Origin of salt and its use in food
Used to enhance the flavour of foods, salt has also been used since the Middle Ages for its ability to prolong food preservation and limit the proliferation of microorganisms. These properties are still employed by the food industry, which adds salt to the products it prepares to improve the taste, appearance and texture of foods, as well as to extend their shelf life.
Salt comes from two sources:
- marine: where it is obtained by evaporation of sea water;
- fossil: found in the soil in the form of deposits, it is then called "rock salt".
Functions of sodium and chloride in the body
Salt is necessary for the functioning of the body. The minerals it contains, sodium and chloride, participate for instance in the transmission of nerve signals and in muscle contraction. Insufficient salt intake is extremely rare.
Risks associated with excessive salt consumption
Excessive salt consumption is now recognised as a risk factor for hypertension and cardiovascular diseases, as well as for other diseases including stomach cancer.
Excessive consumption may facilitate urinary excretion of calcium and thus promote osteoporosis, a disease that causes fragile bones and that can increase susceptibility to fractures.
Reducing salt intake has been a key objective of successive National Health and Nutrition Programmes (PNNS). The PNNS 3 (2011-2015) has for example set a goal of reducing salt intake in the populationto achievean average consumption in 2015 of:
- 8 g/day for adult men;
- 6.5 g/day for adult women and children.
Levels of salt intake in the population have been estimated from two national consumption surveys (INCA 1 and INCA 2). The most recent data show that the average consumption of salt in food in France is 8.7 g/day in men and 6.7 g/d in women. For children aged 3 to 17 years, the average salt intake is 5.9g/d for boys and 5.0 g/dfor girls, with variations according to age. To these intakesfrom food as sold, must be added a further 1-2 grams of salt/day, due to the consumer adding salt to dishes and cooking water. Thus, total salt consumption is far higher than theFrenchpublic health recommendations.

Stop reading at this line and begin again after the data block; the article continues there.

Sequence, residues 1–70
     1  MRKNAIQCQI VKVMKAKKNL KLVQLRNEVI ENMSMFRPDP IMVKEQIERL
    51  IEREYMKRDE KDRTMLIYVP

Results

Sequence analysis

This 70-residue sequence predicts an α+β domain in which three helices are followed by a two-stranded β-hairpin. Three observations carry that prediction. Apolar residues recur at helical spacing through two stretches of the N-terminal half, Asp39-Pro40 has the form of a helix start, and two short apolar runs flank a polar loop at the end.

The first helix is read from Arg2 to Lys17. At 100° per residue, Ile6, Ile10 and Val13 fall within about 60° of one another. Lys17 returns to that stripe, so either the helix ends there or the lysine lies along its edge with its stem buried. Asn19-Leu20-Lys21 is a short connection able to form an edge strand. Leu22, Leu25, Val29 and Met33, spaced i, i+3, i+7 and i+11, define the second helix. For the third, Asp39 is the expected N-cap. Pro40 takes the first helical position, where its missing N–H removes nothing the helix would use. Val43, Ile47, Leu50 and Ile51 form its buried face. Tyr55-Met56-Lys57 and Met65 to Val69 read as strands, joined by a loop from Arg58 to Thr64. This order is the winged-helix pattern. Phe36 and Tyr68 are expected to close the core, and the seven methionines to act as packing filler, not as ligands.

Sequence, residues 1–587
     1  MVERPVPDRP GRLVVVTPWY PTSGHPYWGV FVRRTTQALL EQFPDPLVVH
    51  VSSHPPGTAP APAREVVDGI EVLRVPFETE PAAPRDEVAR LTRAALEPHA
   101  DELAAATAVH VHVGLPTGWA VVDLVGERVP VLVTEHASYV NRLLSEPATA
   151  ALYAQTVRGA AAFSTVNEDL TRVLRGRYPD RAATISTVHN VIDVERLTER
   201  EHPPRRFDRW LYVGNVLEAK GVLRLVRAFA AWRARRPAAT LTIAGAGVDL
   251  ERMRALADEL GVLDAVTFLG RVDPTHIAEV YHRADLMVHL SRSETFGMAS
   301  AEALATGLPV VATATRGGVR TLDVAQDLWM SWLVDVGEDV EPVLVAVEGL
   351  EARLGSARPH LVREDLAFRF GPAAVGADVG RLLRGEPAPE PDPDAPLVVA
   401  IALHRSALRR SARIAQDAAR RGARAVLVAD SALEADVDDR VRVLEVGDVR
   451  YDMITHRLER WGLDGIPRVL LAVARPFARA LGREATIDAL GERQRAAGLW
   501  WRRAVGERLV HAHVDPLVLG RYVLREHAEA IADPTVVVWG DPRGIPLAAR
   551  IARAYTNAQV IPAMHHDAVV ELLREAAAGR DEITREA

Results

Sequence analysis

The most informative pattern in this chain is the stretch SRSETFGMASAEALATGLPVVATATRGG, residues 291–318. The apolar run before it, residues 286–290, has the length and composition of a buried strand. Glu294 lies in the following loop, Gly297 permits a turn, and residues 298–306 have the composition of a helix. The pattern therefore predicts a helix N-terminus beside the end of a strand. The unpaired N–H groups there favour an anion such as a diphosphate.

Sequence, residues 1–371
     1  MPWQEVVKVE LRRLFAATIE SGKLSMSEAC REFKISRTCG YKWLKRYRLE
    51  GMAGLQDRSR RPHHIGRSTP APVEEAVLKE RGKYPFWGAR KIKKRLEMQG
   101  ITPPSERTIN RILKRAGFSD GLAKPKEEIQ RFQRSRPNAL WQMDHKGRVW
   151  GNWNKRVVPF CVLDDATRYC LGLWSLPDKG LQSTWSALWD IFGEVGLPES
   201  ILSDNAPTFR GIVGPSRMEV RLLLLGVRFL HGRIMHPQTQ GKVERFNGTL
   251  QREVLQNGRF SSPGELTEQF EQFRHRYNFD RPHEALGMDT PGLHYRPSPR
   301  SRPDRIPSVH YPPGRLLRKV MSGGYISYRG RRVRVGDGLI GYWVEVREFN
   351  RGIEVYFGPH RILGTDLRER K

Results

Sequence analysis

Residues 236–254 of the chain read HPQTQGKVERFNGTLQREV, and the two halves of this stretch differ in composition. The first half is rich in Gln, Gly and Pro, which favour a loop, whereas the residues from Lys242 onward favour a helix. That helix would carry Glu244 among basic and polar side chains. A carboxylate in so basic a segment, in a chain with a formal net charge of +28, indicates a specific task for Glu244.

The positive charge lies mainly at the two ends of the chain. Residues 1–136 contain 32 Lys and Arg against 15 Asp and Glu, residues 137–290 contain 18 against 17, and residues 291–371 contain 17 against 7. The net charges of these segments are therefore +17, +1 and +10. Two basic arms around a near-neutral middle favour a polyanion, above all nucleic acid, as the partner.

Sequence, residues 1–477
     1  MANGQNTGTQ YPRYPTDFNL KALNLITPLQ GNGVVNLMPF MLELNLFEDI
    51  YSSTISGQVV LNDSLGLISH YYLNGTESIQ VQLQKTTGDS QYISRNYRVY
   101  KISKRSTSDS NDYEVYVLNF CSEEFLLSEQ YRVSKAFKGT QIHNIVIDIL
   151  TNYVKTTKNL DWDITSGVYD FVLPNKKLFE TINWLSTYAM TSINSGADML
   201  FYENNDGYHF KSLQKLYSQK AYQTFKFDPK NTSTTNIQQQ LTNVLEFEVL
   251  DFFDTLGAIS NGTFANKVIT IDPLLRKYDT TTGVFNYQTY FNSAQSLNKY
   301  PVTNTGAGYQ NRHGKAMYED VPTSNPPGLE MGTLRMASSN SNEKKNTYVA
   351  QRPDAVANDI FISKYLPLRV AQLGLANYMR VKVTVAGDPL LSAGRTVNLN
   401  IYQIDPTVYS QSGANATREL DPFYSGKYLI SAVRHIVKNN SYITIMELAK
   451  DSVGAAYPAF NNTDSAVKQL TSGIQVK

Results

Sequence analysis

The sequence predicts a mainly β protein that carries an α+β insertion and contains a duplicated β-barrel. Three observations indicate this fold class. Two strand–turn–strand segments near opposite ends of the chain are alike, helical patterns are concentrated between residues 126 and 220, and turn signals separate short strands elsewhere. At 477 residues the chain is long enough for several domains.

Additional measures needed to reduce salt intake
The decline in salt intake by the population is due in part to reductions in the salt content of foods obtained, among others, under "charters of commitment"signed between manufacturers and the authorities. Given the limited impact on the population’s salt intake of voluntary initiatives to reduce salt content, the Agency has recommended the introduction ofadditional measures, and regulations if necessary, to increase both the number of products concerned and the level of reduction in the salt content of processed foods.
Consumers are also recommended to limit their consumption of the saltiest foods, to read food labels to guide their choices and to minimise the addition of salt when preparing and serving meals.
Foods with the highest salt content
The foods with the highest salt content are delicatessen meats (dried sausage, cured ham), broths (vegetable or meat), sauces and condiments, as well as salt cod and anchovies.
Main food vectors
As a result of French eating habits, most of the salt consumed in France comes first from bread and rusks, then from delicatessen meats, condiments and sauces, ready meal dishes, cheeses, soups, and quiches and pizzas.